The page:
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Smashing onto a Magnetar

26 Oct 2013, 10:00 UTC
Smashing onto a Magnetar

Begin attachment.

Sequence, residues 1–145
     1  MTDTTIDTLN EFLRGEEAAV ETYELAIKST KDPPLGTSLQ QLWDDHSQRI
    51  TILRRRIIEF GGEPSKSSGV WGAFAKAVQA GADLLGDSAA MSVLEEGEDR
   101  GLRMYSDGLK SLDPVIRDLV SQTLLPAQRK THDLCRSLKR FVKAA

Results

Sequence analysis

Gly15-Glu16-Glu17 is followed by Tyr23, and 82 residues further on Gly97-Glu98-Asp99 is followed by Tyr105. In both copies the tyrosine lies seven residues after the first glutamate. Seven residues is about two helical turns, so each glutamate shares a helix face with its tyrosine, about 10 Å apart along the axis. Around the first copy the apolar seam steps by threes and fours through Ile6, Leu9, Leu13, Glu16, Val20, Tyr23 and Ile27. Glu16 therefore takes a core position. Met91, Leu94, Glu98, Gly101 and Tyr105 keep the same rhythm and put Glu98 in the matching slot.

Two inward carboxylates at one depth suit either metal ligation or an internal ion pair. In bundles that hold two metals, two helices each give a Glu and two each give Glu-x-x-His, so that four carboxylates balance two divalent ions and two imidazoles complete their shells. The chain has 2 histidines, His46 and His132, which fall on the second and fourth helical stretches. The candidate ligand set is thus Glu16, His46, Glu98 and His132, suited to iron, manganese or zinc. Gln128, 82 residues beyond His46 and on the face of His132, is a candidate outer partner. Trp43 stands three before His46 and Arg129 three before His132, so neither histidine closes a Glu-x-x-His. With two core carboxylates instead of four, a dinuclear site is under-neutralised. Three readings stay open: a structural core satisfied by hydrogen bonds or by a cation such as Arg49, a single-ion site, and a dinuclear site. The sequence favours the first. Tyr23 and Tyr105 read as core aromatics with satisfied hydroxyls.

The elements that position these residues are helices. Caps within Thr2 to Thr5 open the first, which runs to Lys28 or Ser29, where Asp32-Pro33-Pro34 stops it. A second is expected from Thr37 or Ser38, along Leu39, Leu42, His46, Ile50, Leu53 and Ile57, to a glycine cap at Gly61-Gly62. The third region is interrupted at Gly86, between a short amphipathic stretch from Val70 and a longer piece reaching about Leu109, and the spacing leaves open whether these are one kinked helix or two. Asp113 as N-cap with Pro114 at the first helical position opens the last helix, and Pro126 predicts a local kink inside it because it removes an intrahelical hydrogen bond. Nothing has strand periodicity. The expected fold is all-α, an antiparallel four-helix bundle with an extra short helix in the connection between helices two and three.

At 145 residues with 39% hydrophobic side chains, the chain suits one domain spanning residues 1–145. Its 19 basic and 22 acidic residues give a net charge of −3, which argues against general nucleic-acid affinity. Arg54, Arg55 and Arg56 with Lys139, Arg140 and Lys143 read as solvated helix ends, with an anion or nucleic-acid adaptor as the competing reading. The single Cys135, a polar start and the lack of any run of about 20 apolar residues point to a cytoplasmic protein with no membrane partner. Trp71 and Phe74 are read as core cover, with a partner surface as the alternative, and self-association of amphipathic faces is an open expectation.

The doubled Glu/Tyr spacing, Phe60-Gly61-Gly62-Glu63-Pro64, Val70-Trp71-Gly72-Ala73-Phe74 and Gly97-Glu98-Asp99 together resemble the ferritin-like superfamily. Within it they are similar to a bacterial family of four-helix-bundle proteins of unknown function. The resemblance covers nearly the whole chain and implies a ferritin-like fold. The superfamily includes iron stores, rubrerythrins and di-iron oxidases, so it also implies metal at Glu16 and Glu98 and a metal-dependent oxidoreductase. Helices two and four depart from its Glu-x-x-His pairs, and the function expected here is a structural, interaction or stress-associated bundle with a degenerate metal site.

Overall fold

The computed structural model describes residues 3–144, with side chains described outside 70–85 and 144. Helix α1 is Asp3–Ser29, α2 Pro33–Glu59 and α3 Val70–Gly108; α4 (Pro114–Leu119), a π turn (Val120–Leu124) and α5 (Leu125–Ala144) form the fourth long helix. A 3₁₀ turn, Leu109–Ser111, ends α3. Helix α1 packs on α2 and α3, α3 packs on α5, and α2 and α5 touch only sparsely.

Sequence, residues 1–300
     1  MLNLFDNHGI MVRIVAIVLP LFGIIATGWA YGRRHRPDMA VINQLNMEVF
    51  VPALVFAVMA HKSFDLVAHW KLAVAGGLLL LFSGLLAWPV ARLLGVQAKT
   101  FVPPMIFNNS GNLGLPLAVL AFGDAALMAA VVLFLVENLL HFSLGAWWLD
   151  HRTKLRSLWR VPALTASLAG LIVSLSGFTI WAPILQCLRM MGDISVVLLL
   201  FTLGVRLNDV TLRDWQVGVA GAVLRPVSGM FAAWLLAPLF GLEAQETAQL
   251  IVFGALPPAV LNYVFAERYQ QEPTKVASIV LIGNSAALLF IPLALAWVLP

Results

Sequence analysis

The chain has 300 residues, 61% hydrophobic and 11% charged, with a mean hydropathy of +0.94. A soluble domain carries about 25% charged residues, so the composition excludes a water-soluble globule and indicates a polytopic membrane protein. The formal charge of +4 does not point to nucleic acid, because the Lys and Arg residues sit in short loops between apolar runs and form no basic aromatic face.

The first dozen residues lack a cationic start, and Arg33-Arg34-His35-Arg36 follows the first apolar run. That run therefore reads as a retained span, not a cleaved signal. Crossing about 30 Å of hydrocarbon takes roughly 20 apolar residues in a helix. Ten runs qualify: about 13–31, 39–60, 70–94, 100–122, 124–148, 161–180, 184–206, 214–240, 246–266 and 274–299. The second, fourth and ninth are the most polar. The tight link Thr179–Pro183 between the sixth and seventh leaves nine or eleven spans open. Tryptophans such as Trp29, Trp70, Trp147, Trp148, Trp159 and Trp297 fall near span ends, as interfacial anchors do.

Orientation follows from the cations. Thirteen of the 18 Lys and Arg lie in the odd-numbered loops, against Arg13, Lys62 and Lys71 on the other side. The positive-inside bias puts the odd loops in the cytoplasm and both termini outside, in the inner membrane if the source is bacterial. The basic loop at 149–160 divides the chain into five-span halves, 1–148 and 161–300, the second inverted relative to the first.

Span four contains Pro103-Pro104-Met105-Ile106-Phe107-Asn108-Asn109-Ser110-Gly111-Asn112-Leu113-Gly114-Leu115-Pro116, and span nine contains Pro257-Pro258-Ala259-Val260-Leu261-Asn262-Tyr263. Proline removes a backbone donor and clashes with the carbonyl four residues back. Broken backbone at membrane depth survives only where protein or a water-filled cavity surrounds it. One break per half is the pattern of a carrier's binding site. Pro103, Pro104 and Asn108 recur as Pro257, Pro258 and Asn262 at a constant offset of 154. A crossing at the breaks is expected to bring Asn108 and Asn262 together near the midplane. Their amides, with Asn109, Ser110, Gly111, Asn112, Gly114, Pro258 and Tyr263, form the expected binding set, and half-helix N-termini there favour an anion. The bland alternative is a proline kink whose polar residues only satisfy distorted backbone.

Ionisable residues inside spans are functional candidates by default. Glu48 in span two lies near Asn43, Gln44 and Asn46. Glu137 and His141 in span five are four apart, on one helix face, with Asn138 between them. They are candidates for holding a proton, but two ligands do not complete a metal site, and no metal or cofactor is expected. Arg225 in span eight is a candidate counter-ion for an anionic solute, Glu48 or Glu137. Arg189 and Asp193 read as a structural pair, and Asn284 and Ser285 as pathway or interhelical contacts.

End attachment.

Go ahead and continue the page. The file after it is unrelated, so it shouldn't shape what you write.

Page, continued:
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Neutron stars are very compact objects that are formed from the gravitational collapse of massive stars. A typical neutron star packs as much mass as half-million Earths within a diameter of only ~20 km. Magnetars form a rare group of neutron stars that have extremely powerful magnetic fields. Occasionally, magnetars exhibit ‘glitches’ that are observed as sudden spin-ups of these compact objects. Glitches are believed to be caused by the sudden transfer of angular momentum from the faster rotating superfluid interior to the slower rotating solid outer crust of a magnetar.Figure 1: Artist’s impression of a neutron star shown to scale with Manhattan Island. Credit: NASA.In the May 30 issue of the journal Nature, R. F. Archibald et al. (2013) report the discovery of an ‘anti-glitch’ (i.e. a sudden spin-down) of the magnetar 1E 2259+586. This unexpected sudden spin-down is contrary to the spin-ups caused by glitches. Ordinarily, the magnetar has a spin period of 7 seconds, but the anti-glitch slowed its spin by 2 millionths of a second. In another paper by Huang and Geng (2013), the authors suggest that the sudden spin-down of 1E 2259+586 is caused by the collision of a solid object with the magnetar. The ...

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